Heads up! We’re working hard to be accurate – but these are unusual times, so please always check before heading out.
There’s a rich history associated with Chicago sports, so it’s a little surprising that no one has thought to build a museum devoted to artifacts and memorabilia from the city’s various teams until now. The new Harry Caray’s 7th Inning Stretch restaurant in Water Tower Place is more than just “a sports restaurant for foodies,” it also houses the Chicago Sports Museum, which features paraphernalia from CEO Grant Deporter’s extensive personal collection. The 8,000-square-foot space on the seventh floor is lined with display cases and interactive exhibits that use body-tracking technology, allowing you to shoot free throws as Scottie Pippen or knock balls out of the park as White Sox slugger Frank Thomas.
Admission to the museum, which opens to the public April 2, is free if you dine at the adjacent Harry Caray’s restaurant, otherwise adults pay $6 while seniors and kids ages 3–11 get in for $3. You can only stare at Michael Jordan jerseys and Stanley Cup championship rings for so long, so don’t expect an experience that lasts much longer than a half an hour. If you want to breeze through the museum after putting away a giant burger, here’s what you should check out:
The infamous 2003 Cubs playoff foul ball
Many Cubs fans are still fuming about Steve Bartman’s interference with a foul ball in a 2003 playoff game, which cost the Cubs a National League pennant. Harry Caray’s CEO Grant Deporter bought the ball that Bartman deflected and destroyed it at a public event in 2004. The remnants of the baseball are on display next to an installation that allows fans to gain some additional closure by “detonating” a replica.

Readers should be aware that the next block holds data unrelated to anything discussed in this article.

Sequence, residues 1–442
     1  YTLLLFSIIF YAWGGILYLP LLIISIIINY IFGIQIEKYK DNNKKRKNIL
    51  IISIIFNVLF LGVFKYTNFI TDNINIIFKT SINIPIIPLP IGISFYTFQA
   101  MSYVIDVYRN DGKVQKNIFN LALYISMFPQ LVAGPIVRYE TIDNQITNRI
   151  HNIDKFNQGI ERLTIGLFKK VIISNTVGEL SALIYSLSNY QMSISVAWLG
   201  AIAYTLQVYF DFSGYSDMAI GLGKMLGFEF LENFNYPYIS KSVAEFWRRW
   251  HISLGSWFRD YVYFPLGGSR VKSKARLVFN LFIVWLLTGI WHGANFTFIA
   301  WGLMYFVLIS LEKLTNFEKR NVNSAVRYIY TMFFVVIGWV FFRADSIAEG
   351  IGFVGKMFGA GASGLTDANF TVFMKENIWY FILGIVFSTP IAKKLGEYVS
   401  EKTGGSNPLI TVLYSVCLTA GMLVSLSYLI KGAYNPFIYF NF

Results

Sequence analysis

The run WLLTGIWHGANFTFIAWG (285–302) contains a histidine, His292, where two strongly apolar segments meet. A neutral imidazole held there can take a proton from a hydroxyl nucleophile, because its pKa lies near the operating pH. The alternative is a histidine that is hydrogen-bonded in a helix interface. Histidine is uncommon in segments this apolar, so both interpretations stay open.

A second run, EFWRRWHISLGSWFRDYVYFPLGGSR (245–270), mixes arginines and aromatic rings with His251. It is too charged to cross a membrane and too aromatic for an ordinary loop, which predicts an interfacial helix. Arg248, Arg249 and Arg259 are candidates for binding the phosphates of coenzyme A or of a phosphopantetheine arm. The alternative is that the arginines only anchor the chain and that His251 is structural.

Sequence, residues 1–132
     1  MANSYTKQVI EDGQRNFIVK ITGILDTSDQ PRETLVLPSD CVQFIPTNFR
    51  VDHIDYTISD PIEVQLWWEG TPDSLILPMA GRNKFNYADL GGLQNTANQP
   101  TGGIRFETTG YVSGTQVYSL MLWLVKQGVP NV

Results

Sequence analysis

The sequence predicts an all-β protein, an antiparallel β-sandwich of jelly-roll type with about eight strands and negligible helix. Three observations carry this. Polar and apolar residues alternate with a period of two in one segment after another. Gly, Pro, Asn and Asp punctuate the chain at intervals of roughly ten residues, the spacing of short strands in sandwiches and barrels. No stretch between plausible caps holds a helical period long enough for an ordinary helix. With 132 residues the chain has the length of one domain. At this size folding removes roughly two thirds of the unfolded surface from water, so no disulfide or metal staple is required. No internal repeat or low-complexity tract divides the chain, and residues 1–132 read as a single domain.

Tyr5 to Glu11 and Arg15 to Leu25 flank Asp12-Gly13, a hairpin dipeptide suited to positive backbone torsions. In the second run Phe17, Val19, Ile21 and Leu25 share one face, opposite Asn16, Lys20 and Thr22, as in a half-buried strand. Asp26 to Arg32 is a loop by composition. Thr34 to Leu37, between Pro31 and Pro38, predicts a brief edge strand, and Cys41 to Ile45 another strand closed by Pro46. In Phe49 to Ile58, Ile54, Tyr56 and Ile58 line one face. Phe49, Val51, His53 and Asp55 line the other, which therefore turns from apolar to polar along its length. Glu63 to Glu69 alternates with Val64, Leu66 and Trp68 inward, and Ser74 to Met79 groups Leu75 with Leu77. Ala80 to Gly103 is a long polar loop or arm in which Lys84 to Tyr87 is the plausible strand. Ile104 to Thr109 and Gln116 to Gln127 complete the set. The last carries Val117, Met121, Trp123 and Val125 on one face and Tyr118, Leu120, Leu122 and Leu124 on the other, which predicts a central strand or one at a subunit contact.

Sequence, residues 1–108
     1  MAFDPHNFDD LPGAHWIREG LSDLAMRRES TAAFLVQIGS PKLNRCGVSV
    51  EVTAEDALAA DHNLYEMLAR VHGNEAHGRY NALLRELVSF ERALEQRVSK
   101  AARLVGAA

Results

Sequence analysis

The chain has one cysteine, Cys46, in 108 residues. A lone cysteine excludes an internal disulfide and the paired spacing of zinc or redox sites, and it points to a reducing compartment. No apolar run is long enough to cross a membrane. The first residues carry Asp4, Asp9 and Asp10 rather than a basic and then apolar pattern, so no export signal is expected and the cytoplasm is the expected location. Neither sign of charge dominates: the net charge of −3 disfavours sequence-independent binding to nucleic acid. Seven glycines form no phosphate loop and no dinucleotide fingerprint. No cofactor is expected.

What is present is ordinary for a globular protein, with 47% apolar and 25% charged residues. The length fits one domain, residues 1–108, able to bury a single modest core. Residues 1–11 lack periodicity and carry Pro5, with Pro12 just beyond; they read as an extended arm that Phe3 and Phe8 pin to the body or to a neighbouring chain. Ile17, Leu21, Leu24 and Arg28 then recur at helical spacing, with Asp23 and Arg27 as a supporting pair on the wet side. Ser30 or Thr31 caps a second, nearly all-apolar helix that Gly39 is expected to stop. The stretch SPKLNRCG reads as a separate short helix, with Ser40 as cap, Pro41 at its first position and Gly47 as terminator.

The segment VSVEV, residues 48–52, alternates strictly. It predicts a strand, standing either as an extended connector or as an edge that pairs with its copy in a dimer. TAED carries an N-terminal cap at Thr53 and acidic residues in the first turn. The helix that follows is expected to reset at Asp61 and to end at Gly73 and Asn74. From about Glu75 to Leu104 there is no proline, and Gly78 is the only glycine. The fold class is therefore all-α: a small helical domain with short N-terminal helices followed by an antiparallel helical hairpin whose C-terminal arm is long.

Andrew Shaw’s stitches from game six of the 2013 Stanley Cup Finals
One of the weirdest pieces of memorabilia on display is the stitches that Blackhawks forward Andrew Shaw received after getting hit in the face with a puck during game six of the 2013. Deporter bought the bloody fragments of fiber in an online auction for $6,500.
Sammy Sosa’s corked bat
There’s an entire section of the museum devoted to CAT scans of baseballs and bats, including Sammy Sosa’s notorious corked bat. Attendees can view one of Sosa’s bats and then use a computer terminal to zoom in on a scan of its interior, CSI: Wrigley Field–style.
Sports almanac and hoverboard from Back to the Future II
Remember when Marty McFly traveled to the year 2015 and discovered that the Cubs had finally swept the World Series? While you wait to see if this prophesy comes true, you can take a look at the sports almanac and hoverboard props that were used in the movie. Even if the Cubs don’t pull it off next year, we would settle for a real hoverboard.
Will Perdue’s size 21 shoes
No, that’s not a small boat in the display case, it’s one of former Chicago Bulls player Will Perdue’s gigantic size 21 basketball shoes. It makes Derrick Rose’s size 13 kicks (also on display) look puny in comparison.